The Tasmanian Government has suspended all greyhound and horse racing meets and trials, effective immediately, while a decision on greater retail restrictions is likely to be made on Friday.
Garage sales and sex work will also be prohibited from 6pm Friday, while the recreational scalloping season - scheduled to start this weekend - has been postponed due to the risk of large numbers of people travelling to coastal communities.
Premier Peter Gutwein announced the latest restrictions at a press conference on Thursday, with the measures regarding racing designed to prevent large numbers of people travelling to regional and rural communities.
"Race meetings draw people from all over the state, many of them that live in regional and rural Tasmania," he said.
"What we don't want to do is to increase the risk to those rural and regional communities, nor to increase the risk to a group of people ... coming together at one location as they have been."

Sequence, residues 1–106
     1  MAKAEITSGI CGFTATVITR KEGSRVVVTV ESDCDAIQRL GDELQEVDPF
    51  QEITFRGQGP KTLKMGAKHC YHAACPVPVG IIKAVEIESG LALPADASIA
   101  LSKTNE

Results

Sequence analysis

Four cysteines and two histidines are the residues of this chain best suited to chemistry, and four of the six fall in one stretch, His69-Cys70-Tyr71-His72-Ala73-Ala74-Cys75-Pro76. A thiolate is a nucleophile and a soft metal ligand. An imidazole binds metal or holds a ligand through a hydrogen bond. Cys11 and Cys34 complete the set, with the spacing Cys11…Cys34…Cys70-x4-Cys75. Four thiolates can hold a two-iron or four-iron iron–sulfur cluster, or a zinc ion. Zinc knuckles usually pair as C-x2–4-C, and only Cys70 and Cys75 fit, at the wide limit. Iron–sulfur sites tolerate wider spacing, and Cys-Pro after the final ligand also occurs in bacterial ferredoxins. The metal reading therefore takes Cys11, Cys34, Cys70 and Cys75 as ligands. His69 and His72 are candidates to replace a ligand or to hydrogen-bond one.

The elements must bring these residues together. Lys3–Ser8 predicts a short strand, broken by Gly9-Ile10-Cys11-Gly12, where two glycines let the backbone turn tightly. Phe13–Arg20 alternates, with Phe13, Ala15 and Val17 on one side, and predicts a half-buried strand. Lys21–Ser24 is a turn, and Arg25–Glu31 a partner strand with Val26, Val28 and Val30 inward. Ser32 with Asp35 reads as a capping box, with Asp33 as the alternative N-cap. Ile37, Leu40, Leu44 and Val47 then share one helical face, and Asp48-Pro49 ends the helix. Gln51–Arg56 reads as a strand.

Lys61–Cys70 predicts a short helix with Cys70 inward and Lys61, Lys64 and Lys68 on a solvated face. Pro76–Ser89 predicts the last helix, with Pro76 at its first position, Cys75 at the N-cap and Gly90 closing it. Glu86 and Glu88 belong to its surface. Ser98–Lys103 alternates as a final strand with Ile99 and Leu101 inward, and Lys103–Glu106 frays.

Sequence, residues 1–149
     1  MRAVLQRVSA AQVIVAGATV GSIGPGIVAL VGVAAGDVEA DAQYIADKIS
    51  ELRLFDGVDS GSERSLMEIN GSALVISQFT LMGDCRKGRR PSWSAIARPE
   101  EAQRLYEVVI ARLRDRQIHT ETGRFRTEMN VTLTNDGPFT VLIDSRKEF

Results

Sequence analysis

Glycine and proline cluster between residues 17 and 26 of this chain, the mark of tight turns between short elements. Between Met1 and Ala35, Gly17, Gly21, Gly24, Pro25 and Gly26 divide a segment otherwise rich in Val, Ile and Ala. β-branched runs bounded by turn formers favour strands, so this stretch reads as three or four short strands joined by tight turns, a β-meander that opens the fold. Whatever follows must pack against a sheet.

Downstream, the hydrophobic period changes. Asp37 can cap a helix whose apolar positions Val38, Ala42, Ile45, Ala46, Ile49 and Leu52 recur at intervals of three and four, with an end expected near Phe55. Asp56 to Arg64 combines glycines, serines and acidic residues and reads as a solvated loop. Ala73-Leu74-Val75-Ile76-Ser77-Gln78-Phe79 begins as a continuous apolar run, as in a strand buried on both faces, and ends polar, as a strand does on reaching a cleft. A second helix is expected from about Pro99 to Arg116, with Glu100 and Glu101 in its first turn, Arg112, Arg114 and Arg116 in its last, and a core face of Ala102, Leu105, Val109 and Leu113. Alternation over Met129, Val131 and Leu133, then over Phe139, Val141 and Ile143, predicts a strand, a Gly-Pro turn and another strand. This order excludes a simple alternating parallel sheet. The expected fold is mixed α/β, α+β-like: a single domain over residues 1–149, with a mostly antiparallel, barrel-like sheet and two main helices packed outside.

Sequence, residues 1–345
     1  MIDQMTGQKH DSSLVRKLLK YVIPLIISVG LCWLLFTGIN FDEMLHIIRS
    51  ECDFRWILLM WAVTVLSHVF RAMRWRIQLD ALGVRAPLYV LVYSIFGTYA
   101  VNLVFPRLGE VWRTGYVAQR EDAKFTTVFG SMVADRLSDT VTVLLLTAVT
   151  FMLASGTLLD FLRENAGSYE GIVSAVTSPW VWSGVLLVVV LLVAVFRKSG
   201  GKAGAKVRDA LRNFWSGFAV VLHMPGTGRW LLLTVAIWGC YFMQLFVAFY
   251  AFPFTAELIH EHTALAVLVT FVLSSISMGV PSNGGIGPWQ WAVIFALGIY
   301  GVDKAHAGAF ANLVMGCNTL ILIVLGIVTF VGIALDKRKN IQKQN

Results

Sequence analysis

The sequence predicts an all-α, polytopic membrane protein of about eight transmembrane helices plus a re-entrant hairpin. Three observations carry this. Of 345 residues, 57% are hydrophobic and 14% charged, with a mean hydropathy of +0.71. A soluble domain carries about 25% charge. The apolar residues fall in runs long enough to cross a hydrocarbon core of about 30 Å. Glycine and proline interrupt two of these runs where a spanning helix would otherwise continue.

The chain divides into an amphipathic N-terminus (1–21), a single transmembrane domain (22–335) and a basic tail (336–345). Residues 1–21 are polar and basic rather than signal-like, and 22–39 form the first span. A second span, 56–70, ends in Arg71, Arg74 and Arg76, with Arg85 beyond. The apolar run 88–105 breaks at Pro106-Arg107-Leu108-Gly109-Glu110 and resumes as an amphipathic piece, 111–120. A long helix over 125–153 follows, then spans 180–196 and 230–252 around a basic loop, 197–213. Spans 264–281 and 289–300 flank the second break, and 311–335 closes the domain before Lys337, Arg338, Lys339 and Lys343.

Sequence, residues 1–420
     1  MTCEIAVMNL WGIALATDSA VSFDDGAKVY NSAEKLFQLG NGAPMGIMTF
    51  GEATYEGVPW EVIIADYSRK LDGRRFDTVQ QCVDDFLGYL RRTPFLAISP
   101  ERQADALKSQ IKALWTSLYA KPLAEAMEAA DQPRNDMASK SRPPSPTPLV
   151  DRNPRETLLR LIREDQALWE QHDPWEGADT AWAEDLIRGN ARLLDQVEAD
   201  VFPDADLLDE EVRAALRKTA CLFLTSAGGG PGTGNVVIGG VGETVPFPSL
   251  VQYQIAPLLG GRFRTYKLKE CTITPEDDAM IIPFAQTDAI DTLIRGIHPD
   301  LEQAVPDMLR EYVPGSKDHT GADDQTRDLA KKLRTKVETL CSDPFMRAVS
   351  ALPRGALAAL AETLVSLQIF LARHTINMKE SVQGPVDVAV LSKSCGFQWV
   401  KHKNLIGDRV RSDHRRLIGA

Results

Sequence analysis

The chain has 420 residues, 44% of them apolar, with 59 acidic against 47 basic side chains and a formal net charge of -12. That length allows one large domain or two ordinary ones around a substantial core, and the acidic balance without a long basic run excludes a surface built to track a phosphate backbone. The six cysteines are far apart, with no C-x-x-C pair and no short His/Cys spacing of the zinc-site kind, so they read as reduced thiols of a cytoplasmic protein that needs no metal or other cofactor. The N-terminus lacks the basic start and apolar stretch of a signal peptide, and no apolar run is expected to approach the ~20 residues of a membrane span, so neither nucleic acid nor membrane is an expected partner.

Tonight's race meet at Elwick has been cancelled, while TAB and UBet stores will be closed from 6pm Friday. Training facilities can remain open.
Racing Minister Jane Howlett said those in the industry could be entitled to support packages.
"The Premier and I have spoken with Tasracing about this decision and a support package will be announced in the coming days that will assist industry participants and maintain the welfare of our racing animals," she said.
"Many industry participants will also be eligible for the assistance packages for businesses and individuals already announced by the Tasmanian and Australian governments over recent weeks."
Farmers markets can continue to operate, but only for the sale of fresh food and produce that can be consumed within the home. Food vans will no longer be able to attend farmers markets.
Mr Gutwein said this was to prevent people from congregating at the same place for a protracted period of time.
Premiers and chief ministers will meet on Friday to discuss restrictions on retail premises, but Mr Gutwein again ruled out a statewide shutdown due to the economic damage it could cause, and the uncertainty around when it would be lifted once imposed.